They changed the fitness criteria to the optimization problem that is controlling a lot of LEDs. Instead of minimum pins to drive the goal became “easiest assembly”, which meant avoiding wires snaking back and forth across the layout, a big source of frustration in a big Charlieplexed design. The observation was that if they turned the a rectilinear LED matrix by 45° and wrapped each connection around at the edges it formed what was essentially a large multiplexed matrix. The topology is pretty mind bending, so take a minute to study the illustration and build your mental model.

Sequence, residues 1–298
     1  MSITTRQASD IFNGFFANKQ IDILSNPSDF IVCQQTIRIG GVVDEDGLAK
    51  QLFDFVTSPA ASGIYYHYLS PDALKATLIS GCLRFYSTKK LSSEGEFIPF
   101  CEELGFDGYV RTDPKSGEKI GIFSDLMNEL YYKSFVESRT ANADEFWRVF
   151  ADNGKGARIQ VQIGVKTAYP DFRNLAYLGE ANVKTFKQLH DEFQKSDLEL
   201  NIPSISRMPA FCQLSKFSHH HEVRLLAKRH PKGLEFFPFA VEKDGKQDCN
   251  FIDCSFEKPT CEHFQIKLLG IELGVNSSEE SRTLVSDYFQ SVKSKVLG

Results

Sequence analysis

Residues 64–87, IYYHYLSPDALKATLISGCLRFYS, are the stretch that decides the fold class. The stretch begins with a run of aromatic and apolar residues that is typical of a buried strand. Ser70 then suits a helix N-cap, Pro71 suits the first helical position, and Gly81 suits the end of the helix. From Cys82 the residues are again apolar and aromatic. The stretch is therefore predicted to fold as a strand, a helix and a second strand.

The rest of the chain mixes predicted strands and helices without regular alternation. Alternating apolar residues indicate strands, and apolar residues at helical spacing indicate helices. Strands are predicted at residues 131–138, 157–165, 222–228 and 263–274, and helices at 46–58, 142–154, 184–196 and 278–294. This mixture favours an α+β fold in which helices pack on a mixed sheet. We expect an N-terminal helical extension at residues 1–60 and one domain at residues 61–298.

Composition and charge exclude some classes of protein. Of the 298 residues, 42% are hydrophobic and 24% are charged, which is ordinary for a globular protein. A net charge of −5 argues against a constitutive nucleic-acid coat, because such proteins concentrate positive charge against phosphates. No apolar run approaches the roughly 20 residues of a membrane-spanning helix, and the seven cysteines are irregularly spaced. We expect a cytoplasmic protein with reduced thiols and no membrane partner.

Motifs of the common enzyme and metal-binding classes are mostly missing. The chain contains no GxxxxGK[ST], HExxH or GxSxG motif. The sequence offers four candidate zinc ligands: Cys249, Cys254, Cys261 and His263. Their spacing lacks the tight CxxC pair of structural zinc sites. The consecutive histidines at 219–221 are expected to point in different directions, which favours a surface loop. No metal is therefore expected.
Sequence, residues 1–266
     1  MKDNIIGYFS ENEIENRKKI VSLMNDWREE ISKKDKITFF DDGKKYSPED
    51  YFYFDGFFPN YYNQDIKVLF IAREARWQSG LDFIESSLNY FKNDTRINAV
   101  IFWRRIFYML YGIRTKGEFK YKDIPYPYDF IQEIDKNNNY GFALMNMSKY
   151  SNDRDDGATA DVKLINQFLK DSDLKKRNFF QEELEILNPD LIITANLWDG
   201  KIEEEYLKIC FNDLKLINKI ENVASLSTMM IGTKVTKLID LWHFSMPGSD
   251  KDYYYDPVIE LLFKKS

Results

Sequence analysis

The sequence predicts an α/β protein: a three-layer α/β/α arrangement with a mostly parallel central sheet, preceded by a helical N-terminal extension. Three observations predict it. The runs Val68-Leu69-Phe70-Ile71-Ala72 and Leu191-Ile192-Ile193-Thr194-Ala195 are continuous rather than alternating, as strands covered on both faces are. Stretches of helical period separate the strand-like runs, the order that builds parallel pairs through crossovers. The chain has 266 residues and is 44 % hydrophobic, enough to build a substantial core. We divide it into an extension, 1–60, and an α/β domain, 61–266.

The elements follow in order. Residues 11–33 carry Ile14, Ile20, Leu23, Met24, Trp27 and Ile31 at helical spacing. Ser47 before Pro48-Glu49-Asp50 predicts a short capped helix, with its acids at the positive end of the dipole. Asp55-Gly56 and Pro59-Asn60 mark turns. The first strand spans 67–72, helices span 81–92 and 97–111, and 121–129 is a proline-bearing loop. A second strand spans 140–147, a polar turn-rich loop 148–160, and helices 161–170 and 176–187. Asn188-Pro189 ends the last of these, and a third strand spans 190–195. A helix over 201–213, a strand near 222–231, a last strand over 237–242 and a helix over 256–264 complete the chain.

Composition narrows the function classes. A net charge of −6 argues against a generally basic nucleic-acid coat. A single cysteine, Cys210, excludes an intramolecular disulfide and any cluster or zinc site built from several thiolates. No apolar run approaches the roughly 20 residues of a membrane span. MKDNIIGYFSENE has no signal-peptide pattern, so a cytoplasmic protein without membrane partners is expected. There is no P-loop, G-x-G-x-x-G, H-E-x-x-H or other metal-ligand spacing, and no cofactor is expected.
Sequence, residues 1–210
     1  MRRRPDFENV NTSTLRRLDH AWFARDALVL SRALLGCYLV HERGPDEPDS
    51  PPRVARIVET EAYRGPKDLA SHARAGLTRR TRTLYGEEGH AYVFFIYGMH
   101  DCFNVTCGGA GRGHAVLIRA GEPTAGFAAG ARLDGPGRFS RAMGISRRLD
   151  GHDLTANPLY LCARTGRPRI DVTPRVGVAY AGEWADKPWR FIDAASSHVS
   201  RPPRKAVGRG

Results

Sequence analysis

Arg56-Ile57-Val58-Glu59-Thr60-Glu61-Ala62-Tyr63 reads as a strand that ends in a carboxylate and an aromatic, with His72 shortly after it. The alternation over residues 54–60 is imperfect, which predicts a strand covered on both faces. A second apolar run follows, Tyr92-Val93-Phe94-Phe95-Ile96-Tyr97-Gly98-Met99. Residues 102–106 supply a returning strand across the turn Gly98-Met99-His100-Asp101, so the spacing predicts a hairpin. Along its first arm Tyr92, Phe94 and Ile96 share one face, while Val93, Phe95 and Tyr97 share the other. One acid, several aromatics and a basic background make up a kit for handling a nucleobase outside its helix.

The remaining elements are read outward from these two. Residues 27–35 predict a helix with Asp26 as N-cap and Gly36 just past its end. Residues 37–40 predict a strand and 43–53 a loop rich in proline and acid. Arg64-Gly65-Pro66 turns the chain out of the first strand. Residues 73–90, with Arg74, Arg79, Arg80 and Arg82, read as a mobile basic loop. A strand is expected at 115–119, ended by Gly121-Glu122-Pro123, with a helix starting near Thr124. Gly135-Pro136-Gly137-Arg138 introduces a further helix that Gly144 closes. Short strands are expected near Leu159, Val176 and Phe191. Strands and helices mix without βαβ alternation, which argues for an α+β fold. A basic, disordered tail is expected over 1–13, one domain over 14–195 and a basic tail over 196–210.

It looks a little strange, but this display works the same way a normal multiplexed display does but with the added benefit that each trace flows from one side to the other without turning back on itself at any point. To light any LED set the right row/column pair as source/sink and it turns on!
What if you actually need a rectangular display? Well that’s no problem, the matrix can be bent and smooshed as desired to change its shape. At the most extreme the possible display topologies get pretty wild! We’re sure to try thinking laterally next time we need to design an unusual display, maybe there is a more efficient matrix to be found.
Constrained builds are often the most fun. Throw an artificial limit into the mix, like time limiting your effort or restricting yourself to what’s on hand, and there’s no telling what will happen.